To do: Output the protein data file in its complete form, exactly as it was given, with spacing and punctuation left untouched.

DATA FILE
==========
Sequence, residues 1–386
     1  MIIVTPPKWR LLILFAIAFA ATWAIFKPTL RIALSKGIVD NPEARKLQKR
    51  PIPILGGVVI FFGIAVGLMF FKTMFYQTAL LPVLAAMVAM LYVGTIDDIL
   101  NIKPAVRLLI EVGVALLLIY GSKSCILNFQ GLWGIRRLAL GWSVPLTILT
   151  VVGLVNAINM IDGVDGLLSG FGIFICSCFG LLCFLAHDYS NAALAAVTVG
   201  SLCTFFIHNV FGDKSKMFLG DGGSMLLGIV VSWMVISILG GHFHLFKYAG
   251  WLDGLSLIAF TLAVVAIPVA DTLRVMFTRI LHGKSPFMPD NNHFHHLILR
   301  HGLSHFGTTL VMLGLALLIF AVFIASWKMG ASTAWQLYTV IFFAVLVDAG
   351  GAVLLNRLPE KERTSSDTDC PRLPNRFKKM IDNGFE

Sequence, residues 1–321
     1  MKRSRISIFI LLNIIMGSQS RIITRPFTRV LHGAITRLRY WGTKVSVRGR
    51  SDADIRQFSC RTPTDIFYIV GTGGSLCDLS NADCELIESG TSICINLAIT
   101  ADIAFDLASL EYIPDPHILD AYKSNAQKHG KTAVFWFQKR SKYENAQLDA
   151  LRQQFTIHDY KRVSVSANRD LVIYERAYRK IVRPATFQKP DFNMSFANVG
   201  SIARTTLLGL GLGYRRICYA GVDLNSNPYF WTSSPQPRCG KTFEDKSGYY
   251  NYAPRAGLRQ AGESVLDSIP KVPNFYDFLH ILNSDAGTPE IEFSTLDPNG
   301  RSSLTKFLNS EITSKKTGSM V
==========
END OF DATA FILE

Sequence, residues 1–386
     1  MIIVTPPKWR LLILFAIAFA ATWAIFKPTL RIALSKGIVD NPEARKLQKR
    51  PIPILGGVVI FFGIAVGLMF FKTMFYQTAL LPVLAAMVAM LYVGTIDDIL
   101  NIKPAVRLLI EVGVALLLIY GSKSCILNFQ GLWGIRRLAL GWSVPLTILT
   151  VVGLVNAINM IDGVDGLLSG FGIFICSCFG LLCFLAHDYS NAALAAVTVG
   201  SLCTFFIHNV FGDKSKMFLG DGGSMLLGIV VSWMVISILG GHFHLFKYAG
   251  WLDGLSLIAF TLAVVAIPVA DTLRVMFTRI LHGKSPFMPD NNHFHHLILR
   301  HGLSHFGTTL VMLGLALLIF AVFIASWKMG ASTAWQLYTV IFFAVLVDAG
   351  GAVLLNRLPE KERTSSDTDC PRLPNRFKKM IDNGFE

Sequence, residues 1–321
     1  MKRSRISIFI LLNIIMGSQS RIITRPFTRV LHGAITRLRY WGTKVSVRGR
    51  SDADIRQFSC RTPTDIFYIV GTGGSLCDLS NADCELIESG TSICINLAIT
   101  ADIAFDLASL EYIPDPHILD AYKSNAQKHG KTAVFWFQKR SKYENAQLDA
   151  LRQQFTIHDY KRVSVSANRD LVIYERAYRK IVRPATFQKP DFNMSFANVG
   201  SIARTTLLGL GLGYRRICYA GVDLNSNPYF WTSSPQPRCG KTFEDKSGYY
   251  NYAPRAGLRQ AGESVLDSIP KVPNFYDFLH ILNSDAGTPE IEFSTLDPNG
   301  RSSLTKFLNS EITSKKTGSM V